Missouri Cicada Ice Cream
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Nothing says summer in the Midwest like a little cicada ice cream. The first batch of the cicada-flavored ice cream at the Columbia, Mo., joint Sparky's Homemade Ice Cream sold out before it even hit the display case.
Before making a second round, the store checked with the county health officials and—shockingly—nothing in the code mentioned cicadas, but the store was advised against using the cicadas nonetheless, even though biologists report the bug as edible.
With noisy cicadas making a debut once every 13 years, staff at Sparky's told the Columbia-Missourian they collected cicadas from their own yards and brought them into work. After removing most of the wings (some wings were left on as a garnish for the top layer of the ice cream) and legs, the bugs were fully cooked in boiling water and covered in brown sugar and milk chocolate.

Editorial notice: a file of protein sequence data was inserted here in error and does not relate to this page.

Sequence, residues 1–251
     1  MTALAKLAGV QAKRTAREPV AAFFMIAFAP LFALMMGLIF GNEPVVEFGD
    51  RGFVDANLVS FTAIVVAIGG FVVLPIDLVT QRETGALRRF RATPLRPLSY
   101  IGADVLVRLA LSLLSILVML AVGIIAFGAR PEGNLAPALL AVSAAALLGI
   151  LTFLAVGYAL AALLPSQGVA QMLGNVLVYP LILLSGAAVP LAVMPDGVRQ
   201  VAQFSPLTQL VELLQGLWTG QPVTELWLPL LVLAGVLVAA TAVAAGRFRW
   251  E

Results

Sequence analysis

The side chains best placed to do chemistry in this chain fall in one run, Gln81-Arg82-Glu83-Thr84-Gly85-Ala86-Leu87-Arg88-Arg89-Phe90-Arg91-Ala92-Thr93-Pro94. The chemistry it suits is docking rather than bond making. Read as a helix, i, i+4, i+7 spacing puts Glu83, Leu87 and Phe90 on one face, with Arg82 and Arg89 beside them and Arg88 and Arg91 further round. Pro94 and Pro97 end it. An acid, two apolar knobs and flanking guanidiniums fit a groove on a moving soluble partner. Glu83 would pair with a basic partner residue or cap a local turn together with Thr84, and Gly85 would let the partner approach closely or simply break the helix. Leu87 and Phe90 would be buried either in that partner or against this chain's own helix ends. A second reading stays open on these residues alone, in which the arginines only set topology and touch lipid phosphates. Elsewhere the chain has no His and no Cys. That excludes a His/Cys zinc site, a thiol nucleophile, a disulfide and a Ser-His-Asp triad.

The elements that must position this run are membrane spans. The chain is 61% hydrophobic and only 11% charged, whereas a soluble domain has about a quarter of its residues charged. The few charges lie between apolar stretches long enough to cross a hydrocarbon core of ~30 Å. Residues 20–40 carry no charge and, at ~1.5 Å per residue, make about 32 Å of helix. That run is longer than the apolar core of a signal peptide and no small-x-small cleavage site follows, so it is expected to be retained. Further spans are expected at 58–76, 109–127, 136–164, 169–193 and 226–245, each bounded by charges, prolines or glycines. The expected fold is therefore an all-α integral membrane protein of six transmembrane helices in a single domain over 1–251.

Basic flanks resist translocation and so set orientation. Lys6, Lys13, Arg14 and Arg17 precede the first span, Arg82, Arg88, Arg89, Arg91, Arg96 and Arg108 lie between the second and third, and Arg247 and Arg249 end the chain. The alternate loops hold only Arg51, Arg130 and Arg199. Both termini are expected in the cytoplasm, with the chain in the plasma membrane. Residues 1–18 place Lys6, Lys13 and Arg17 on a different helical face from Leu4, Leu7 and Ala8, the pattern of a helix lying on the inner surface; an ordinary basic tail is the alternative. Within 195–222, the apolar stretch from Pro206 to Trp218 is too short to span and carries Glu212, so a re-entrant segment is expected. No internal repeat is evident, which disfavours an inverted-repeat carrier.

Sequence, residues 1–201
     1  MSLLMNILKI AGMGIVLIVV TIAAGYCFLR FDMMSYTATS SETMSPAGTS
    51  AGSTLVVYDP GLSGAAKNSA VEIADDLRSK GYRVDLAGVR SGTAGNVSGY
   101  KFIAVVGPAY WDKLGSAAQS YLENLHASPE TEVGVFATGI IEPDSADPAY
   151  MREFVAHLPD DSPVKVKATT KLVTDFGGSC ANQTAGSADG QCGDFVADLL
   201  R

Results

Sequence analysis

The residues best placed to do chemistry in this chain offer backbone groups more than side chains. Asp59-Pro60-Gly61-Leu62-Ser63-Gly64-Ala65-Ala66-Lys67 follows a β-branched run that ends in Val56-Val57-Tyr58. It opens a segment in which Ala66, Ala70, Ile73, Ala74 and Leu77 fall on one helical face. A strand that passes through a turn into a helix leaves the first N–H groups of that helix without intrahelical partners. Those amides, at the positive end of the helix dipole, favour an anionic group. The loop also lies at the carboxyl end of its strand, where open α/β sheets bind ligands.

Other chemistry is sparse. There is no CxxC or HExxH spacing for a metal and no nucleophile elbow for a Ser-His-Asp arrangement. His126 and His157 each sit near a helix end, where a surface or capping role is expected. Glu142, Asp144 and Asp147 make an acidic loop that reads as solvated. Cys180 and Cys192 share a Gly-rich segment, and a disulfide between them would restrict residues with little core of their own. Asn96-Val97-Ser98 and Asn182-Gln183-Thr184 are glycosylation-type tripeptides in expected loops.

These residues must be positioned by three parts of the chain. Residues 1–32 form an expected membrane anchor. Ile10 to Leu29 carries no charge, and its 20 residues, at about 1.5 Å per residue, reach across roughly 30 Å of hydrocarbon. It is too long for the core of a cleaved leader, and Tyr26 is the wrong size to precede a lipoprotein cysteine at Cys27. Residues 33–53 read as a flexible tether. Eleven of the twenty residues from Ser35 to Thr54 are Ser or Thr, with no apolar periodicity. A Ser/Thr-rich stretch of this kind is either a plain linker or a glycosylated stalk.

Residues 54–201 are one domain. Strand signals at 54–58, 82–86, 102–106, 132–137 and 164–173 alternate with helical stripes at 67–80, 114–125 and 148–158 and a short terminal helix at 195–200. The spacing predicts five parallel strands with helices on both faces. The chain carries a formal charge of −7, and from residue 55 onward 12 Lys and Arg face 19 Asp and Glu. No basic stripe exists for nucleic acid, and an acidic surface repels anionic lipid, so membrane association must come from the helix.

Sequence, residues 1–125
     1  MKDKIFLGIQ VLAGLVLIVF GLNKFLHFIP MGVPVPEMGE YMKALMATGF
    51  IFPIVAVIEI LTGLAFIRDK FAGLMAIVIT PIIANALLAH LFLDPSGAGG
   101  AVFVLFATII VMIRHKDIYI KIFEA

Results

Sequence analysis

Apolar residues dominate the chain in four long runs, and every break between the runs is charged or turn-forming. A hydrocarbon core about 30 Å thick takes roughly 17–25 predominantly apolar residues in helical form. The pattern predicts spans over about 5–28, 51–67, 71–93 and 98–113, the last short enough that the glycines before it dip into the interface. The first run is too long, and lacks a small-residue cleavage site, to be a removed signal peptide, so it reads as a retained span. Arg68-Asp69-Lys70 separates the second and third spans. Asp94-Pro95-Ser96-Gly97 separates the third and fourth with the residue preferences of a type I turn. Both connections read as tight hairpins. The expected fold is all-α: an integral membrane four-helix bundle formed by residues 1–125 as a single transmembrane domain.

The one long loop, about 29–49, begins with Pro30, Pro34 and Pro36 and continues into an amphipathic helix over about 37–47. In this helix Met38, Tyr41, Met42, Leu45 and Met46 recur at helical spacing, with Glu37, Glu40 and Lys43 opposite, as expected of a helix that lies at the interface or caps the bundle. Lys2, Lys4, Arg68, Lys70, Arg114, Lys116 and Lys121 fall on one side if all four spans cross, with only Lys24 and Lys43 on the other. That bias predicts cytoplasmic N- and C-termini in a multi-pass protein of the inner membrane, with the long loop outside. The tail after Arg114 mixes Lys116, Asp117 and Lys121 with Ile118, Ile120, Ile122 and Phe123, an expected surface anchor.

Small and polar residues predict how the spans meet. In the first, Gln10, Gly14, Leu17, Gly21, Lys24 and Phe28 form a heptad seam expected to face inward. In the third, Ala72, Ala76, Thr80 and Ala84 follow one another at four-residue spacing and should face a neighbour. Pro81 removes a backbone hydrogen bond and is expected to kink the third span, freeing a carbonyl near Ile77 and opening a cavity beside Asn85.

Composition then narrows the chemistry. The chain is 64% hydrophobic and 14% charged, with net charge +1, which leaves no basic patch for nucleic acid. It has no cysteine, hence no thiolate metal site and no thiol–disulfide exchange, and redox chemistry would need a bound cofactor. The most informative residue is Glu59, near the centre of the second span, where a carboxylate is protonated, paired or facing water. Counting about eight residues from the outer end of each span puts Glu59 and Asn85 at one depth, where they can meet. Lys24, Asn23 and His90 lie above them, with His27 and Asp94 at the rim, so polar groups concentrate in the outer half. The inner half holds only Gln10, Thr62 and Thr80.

After doing some research and discussion, Sparky's employees got the green light from their boss to incorporate the buzzing insects into their ice cream. "We always try to push the limit," Sparky's Manager Ashley Nagel said about their flavors. The new ice cream will soon sit among flavors like Lavender Honey, Cake Batter and Lemon Poppyseed Muffin. The manager said the new flavor will be easy to spot. "Most of the wings are off but the top layer has wings so that people know what they are getting into," Nagel said.
"Cicada itself is purely a texture, and the flavor is like a peanut," Losciale said. "It's not that strange because we coated them in so much sugar. It's worth trying." While the strange looking pests are abundant, the dessert might not be found so easily elsewhere.